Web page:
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Патент USA US3061647

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United States Patent O??ce
3,051,637
Patented Oct. 30, 1962
2
C1—C30 alkyl or arylalkyl amine may be used. Aromatic
amines, such as aniline, do not react with carbon dioxide
3,061,637
CONVERSIGN 0F AMMONRJM CARBAMATES T0
ALKALI METAL CARBAMATES
or carbon disul?de to form the N-substituted carbamate
salts. _ Amines which may be used in the preparation of
Thomas W. Martinek, Crystal Lake, 111., assignor to The
theysubstituted ammonium substituted carbamate salts in
Pure Oil Company, €hicago, 111., a corporation of
ciude methyl amine, dimethyl amine, ethyl amine, diethyl
amine, methylethyl amine, methylpropyl amine, butyl
amine, dibutyl amine, hexyl amine, dihex-yl amine, octyl
amine, dioctyl amine, dodecyl amine, stearyl amine, tri~
cosyl amine, benzyl amine, phenylethyl amine,
Ohio
No Drawing. Filed Dec. 8, 1958, Ser. No. 778,582
10 Claims. (Cl. 26tl—500)
This invention is directed toa .new and improved
method for the preparation of alkali metal N-substituted
carbamates and thiocarbamates by reaction of an alkali
metal with an ammonium or substituted ammonium N
naphthylmethyl amine (CmHqCI-I2NH2), vetc.
substituted carbamate or thiocarbamate in an inert or
amines react with carbon dioxide or carbon disul?de to
form substituted ammonium substituted carbamate or
ganic liquid.
In my copending application Serial No. 762,281, ?led
September 22, 1958, now Patent No. 2,957,826, I have
described the preparation of greases which consist of
15
These .
thiocarbamate salts of the formula R'4NCX2NR2, where
R’ is hydrogen or C1-—C30 alkyl or aralkyl, at least one
R’ being hydrogen, X is oxygen or sulfur, and R is hydro,
gen or Q-Cgo alkyl or aralkyl, not more than one R
mineral oil or other lubricating oil thickened with metal
N-substituted carbamates, and process of preparing such 20 being hydrogen.
greases.
The metal N~substituted thiocarbamates are
well-known corrosion inhibitors.
The metal N-substi
The following non-limiting examples are illustrative of
the scope of this invention:
’
tuted carbamates, however, are not-reported in the litera- ~
EXAMPLE I
ture and apparently have never been prepared in pure
A
dispersion
of
5.2
g. of sodium and 15.6 g. of 200
25
form.
vis. neutral oil was prepared by heating a mixture of
It is therefore one object of this invention to provide
sodium and neutral oil in an atmosphere of nitrogen until
an improved process for the preparation of alkali metal
the sodium had melted, ‘followed by stirring at high speed
N-substituted carbamate and thiocarbamate salts.
until a fine dispersion was e?ected. The ‘dispersion was
A feature of this invention is the provision of a proc
then cooled below the melting point of sodiumwithout
ess wherein an ammonium or substituted ammonium N
stirring. To this dispersion of sodium in neutral oil there
substituted carbamate or thiocarbamate salt is reacted
were added 20 g. of dimethylammonium dimethylcarbam
with a dispersion of an alkali metal in an inert organic
ate, H2(CH3)2NCO2N(CH3)»2, and agitation of the mix
liquid to produce the alkali metal N-su‘ostituted carbamate
ture ‘continued. A mildy exothermic reaction takes place
or thiocarbamate in very high yield and high purity.
which maintains the reaction mixture at a temperature
Other objects and features of this invention will be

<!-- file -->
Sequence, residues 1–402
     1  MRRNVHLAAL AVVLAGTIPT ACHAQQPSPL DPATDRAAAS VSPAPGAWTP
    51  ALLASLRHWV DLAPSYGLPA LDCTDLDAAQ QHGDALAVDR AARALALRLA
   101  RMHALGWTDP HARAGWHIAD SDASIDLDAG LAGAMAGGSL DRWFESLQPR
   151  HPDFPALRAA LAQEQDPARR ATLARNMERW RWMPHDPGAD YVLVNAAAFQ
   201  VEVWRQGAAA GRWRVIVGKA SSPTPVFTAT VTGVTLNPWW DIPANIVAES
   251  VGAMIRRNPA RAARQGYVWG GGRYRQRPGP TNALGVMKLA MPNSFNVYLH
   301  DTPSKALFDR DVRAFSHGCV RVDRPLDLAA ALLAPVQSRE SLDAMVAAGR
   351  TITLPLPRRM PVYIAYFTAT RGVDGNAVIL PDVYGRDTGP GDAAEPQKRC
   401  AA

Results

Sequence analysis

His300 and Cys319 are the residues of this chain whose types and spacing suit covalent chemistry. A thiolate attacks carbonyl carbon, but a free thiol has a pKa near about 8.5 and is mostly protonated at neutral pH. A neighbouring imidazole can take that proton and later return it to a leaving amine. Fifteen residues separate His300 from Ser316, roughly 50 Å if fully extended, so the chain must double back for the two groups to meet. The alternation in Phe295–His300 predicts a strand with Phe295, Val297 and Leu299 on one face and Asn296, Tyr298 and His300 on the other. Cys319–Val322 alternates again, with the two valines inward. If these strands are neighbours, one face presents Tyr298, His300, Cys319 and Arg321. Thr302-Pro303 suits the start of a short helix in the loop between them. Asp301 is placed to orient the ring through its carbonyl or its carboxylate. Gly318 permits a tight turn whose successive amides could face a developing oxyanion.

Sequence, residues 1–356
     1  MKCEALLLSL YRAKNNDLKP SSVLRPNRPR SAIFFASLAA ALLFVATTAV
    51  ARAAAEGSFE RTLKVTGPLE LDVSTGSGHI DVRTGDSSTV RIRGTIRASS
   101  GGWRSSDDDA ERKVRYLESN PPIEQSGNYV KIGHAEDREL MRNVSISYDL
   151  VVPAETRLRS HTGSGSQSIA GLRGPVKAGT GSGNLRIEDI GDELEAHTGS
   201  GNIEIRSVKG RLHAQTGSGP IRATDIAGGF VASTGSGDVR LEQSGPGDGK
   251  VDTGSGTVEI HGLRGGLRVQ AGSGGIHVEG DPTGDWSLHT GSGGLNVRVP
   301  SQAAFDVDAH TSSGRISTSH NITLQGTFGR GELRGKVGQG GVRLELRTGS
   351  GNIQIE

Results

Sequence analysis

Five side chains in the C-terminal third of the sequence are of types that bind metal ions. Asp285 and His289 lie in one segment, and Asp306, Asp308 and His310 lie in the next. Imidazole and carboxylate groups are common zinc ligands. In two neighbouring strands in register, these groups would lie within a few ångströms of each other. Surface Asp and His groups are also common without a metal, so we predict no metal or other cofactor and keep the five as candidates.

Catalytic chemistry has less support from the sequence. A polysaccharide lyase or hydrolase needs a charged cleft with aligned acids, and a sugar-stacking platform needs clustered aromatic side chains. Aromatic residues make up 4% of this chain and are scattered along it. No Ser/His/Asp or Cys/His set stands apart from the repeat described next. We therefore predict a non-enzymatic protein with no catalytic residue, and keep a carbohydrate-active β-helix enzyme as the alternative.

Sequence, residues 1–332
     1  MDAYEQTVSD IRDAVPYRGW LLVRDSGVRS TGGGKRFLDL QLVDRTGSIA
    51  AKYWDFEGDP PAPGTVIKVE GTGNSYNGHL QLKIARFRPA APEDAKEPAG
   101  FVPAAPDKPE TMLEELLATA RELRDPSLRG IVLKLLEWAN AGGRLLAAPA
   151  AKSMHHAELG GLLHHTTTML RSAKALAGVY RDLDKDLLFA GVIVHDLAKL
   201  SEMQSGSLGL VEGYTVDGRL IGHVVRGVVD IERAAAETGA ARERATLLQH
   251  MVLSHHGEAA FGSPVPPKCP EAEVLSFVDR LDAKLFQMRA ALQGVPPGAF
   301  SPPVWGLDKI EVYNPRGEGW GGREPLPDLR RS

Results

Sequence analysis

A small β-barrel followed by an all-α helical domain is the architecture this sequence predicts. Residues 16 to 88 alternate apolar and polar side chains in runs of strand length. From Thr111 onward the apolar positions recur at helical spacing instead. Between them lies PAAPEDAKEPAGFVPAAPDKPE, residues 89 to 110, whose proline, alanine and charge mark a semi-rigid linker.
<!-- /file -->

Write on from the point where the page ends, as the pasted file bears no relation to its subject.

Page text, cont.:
of about 75 ° C. Hydrogen is evolved for a period of
come apparent from time to time throughout the speci
about 20 minutes at which time reaction is complete.
?cation and claims as hereinafter related.
The dispersion sets up into a grease-like gel (which may
This invention is based upon my discovery that am
be used as a lubricating grease) containing approximately
monium or substituted ammonium carbamates or thio
40 25 g. of sodium dimethylcarbamate, NaN(CH3)2CO2.
carbamates of the formula R'4NCX2NR2, where R is of
alkyl and aralkyl radicals, at least one R’ being hydrogen,
This grease-like gel is dispersed in hexane to precipitate
the sodium dimethyl carbamate. The slurry which is
formed is ?ltered and the sodium dimethylcarbamate is
rewashed with hexane and ?nally stripped with nitrogen
will react with alkali metals, such as sodium, potassium,
lithium, cesium, rubidium, or francium, or mixtures there
to yield 24.5 g. of sodium dimethylcarbamate, a White
crystalline salt, of about 95% purity,
of, in dispersion in an inert organic liquid to produce
the alkali metal carbamate or thiocarbamate b-y displace
EXAMPLE II
A dispersion of 5.75 g. of sodium in 15.6 g. of 200
vis. neutral oil is prepared ‘by heating a mixture of so
dium and neutral oil in an atmosphere of nitrogen until
the group consisting of hydrogen and CFC“, alkyl and
aralkyl radicals, not more than one R being hydrogen,
and R’ is of the group consisting of hydrogen and C1-C30
ment of hydrogen and an amine (or ammonia) from
the ammonium or substituted ammonium N-substituted
carbamate or thiocarbamate salt.
the sodium has melted, followed by stirring at high speed
In carrying out this invention, the ammonium or sub
until a ?ne dispersion is elfected. The dispersion is then
stituted ammonium N-substituted carbamate or thiocar
cooled below the melting point of sodium Without stirring.
bamate salts may be prepared by any conventional 55 To this dispersion of sodium in neutral oil, there is added
process. For example, ammonia will react with carbon
41.5 g. of dimethylammonium dimethyldithiocarbamate,
dioxide or carbon disul?de to produce ammonium car
bamate or ammonium thiocarbamate. The ammonium
H2 ( CH3 ) ZNCSZN ( CH3 ) -2
carbamate or thiocarbamate may be reacted with an ole
and 60 g. of 200 vis. neutral oil. A mildy exothermic
?n to produce an ammonium or substituted ammonium 60 reaction takes place which maintains the temperature of
N-substituted carbamate or thiocarbamate wherein the
the reaction mixture at about 75° C. During the period
ole?n is added to the hydrogen atoms of the salt. Simi~
of reaction, hydrogen is evolved continuously from the
larly, primary and secondary amines react with carbon
mixture. At the end about 20 minutes, hydrogen evolu
dioxide or“ carbon disul?de to form substituted ammo
tion ceases, and the mixture has formed a semi-?uid
nium'N-substituted carbamates or thiocarbamates which 65 gelatinous product. This product is then diluted with
may be used in this reaction. The ammonium or sub